[76]     Dealing with the second objective, voter parity, and giving the Minister the benefit of the doubt that he understood that the primary concern is not voter parity but effective representation, there is no evidence of minimal impairment. The Province’s rationale for moving to a 25-ward structure had been carefully considered and rejected by the TWBR and by City Council just over a year ago. If there was a concern about the large size of some of the City’s wards (by my count, six wards had populations ranging from 70,000 to 97,000) why not deal with these six wards specifically? Why impose a solution (increasing all ward sizes to 111,000) that is far worse, in terms of achieving effective representation, than the original problem? And, again, why do so in the middle of the City’s election?

[77]     Crickets.

[78]     I am therefore obliged to find on the evidence before me that the breaches of s. 2(b) of the Charter as found above cannot be demonstrably justified in a free and democratic society and cannot be saved as reasonable limits under s. 1.

So, let’s say Trump gets impeached. Then what? – The Washington Post

​Interesting premise…the author suggests that if impeached and removed from office Trump wouldn’t go away but would start campaigning for the 2020 election – creating havoc on the way.

A better alternative, he (the author) suggests, would be for the Democrats to develop some positive messaging/programs/alternatives. I agree; relying on the “Not my President” dissenters isn’t going to carry them very far in the mid-terms.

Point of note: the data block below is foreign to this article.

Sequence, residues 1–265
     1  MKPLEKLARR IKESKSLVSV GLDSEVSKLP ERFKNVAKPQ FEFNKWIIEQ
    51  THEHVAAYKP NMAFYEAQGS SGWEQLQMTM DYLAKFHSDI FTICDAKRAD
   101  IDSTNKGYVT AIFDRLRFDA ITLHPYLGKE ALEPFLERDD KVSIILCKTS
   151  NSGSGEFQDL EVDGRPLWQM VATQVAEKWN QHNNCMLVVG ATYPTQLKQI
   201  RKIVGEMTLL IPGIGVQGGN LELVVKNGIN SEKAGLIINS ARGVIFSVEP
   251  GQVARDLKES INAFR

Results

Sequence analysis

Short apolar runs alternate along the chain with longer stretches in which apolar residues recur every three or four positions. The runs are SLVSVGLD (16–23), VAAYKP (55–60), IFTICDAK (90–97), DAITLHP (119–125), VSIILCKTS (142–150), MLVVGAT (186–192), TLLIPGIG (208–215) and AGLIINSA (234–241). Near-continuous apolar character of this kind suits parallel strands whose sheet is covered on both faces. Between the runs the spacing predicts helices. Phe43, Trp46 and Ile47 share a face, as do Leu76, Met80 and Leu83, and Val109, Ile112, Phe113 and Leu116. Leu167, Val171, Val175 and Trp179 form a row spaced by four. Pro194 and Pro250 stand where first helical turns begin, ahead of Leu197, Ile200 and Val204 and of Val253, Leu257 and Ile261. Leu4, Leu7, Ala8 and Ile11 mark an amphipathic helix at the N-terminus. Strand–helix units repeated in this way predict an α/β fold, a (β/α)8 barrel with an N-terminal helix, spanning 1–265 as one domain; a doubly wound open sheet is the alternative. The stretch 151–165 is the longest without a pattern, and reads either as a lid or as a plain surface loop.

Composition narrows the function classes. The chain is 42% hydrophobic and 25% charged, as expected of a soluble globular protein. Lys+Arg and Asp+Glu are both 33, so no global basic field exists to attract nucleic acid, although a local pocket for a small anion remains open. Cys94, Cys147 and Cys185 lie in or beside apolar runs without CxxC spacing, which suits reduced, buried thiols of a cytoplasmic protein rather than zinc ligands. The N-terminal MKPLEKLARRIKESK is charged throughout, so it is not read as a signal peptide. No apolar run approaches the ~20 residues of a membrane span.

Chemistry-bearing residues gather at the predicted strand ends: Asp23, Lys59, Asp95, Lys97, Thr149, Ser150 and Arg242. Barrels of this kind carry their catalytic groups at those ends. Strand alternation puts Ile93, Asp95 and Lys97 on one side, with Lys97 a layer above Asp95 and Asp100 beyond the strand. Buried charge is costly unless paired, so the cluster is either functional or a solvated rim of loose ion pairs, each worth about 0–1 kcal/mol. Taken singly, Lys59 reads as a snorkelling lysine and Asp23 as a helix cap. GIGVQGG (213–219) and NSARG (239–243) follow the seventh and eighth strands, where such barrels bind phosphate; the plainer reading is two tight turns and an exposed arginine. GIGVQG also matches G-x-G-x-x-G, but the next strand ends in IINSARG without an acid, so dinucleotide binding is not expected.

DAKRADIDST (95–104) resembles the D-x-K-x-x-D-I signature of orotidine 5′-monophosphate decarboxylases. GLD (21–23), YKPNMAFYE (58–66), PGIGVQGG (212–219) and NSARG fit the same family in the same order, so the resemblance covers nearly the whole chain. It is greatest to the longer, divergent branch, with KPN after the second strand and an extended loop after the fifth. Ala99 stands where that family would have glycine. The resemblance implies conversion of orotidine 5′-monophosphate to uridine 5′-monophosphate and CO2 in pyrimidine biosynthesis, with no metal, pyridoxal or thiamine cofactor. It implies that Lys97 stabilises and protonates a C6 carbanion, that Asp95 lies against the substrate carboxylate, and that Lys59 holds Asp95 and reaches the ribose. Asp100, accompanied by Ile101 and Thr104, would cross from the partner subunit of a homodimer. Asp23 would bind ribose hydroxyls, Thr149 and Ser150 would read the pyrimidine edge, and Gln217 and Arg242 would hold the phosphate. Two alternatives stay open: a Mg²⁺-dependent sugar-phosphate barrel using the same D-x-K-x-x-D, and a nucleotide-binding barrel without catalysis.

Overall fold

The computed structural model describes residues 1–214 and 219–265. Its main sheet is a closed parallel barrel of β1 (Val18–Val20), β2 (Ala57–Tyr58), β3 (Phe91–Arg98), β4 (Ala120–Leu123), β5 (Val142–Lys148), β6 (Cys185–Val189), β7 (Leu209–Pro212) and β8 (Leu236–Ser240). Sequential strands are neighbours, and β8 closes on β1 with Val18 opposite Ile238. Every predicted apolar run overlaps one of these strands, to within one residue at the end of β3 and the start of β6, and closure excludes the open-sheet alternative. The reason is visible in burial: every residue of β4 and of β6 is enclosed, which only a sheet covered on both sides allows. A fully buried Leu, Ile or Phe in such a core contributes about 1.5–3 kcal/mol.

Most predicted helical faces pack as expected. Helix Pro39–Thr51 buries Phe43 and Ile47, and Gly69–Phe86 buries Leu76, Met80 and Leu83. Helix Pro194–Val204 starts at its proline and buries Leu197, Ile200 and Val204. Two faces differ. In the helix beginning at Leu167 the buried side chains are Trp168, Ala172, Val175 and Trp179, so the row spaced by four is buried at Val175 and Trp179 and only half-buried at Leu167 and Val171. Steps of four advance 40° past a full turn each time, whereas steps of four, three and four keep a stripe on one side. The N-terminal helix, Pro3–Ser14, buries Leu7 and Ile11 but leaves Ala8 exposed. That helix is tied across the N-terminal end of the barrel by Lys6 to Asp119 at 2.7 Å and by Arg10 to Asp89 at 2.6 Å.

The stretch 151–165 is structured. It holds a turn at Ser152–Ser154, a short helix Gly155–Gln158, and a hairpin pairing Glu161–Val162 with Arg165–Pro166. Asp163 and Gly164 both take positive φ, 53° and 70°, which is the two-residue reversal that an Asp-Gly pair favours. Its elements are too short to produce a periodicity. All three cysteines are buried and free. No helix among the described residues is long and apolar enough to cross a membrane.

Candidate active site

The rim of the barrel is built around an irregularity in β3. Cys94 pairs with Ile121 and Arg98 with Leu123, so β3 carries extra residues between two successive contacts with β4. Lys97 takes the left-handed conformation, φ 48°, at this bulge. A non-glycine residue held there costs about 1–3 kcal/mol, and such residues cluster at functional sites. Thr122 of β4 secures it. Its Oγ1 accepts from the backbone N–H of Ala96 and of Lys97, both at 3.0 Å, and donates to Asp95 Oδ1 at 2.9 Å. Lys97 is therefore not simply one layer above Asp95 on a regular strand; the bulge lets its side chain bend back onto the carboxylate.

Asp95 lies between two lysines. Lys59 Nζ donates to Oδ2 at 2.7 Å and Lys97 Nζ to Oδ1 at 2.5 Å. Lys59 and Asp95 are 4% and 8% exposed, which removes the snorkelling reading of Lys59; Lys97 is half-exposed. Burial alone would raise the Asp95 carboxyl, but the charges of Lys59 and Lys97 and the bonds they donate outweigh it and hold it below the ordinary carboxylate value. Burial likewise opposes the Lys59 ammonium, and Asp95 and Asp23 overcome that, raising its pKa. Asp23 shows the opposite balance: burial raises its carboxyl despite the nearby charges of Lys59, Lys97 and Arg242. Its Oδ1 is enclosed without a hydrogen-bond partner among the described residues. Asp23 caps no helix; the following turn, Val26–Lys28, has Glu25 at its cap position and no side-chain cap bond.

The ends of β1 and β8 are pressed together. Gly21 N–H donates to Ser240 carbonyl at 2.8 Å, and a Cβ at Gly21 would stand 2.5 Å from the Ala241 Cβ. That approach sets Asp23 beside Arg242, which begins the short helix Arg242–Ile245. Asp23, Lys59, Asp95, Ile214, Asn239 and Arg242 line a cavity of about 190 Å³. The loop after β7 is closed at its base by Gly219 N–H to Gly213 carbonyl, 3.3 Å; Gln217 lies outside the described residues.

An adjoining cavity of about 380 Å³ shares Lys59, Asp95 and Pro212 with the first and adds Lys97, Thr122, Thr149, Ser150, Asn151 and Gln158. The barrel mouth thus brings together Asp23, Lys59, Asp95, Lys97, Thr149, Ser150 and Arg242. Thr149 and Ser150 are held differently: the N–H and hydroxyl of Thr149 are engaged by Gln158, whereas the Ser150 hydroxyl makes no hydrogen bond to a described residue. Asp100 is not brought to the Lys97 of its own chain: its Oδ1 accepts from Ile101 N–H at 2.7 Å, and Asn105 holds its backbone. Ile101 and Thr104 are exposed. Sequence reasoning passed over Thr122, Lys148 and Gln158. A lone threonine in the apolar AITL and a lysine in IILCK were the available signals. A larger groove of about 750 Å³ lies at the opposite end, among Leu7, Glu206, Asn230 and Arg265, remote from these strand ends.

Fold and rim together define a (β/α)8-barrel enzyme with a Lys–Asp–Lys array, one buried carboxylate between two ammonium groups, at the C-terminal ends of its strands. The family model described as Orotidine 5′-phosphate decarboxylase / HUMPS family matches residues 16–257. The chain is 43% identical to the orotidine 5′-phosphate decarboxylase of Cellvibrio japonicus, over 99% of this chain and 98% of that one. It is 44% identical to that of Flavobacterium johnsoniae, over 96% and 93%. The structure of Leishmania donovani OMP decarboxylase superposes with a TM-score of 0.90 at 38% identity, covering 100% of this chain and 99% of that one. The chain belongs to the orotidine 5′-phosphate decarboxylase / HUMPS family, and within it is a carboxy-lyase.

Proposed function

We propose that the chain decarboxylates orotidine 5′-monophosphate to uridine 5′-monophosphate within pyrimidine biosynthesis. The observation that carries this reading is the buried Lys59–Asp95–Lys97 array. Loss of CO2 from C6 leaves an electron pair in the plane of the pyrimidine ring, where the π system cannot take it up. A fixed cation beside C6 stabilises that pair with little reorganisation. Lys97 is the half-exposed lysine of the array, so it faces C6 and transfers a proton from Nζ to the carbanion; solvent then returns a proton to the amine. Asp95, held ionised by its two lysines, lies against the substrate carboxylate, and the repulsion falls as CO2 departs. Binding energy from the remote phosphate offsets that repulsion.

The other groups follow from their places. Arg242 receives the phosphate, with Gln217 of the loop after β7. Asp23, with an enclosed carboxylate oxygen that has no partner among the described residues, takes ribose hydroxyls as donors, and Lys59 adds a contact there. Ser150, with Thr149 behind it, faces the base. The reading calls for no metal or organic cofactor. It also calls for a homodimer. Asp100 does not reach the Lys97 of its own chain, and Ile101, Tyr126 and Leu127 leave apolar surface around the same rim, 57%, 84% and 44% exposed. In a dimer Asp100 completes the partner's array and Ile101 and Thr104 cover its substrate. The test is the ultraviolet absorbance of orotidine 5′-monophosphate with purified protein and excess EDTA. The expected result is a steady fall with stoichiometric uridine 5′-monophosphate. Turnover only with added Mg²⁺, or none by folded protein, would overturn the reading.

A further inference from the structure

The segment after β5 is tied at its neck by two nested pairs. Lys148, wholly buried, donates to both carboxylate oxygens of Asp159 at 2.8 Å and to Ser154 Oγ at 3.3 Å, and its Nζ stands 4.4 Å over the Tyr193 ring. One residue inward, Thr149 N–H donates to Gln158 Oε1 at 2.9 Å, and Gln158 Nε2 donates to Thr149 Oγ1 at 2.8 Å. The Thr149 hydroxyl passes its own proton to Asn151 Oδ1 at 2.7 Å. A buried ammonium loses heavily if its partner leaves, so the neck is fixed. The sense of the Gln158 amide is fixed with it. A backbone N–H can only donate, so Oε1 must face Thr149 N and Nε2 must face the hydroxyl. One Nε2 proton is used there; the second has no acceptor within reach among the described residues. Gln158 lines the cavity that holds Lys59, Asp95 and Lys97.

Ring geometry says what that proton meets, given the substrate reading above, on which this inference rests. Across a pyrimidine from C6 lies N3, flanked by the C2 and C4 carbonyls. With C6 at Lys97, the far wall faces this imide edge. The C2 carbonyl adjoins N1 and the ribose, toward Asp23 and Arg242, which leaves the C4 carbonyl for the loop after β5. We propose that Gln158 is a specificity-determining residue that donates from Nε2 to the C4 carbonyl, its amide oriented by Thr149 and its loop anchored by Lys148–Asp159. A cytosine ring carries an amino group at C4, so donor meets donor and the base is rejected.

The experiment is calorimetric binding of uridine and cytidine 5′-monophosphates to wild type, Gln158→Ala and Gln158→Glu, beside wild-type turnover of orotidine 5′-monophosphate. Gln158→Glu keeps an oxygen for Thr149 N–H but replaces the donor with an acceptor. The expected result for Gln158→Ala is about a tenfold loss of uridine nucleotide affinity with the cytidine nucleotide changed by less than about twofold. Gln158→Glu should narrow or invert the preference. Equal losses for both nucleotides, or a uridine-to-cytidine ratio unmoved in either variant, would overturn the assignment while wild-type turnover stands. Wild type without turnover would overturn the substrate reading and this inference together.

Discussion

https://www.washingtonpost.com/opinions/so-lets-say-trump-gets-impeached-then-what/2017/05/21/40f81c74-3cb6-11e7-a058-ddbb23c75d82_story.html?hpid=hp_no-name_opinion-card-ehomepagestory&utm_term=.6f336bb18607

John W. Dean (Nixon’s lawyer) on the current President

Remember John Dean, from the old days? At the time he struck me as one of the (rare) good apples in a bad bunch.
Dean’s observations here, from the CBC’s “Power and Politics” show, are excellent. Inquiring minds will be rewarded by waiting till the end of the interview (or advancing the tape to 7:12)….”How’s this going to end?”
http://www.cbc.ca/player/play/895330883682

(For better or worse, CBC’s video player includes several non-skippable public service messages.)

The Liberal Democratic World Order Is Falling Apart – Democracy is for suckers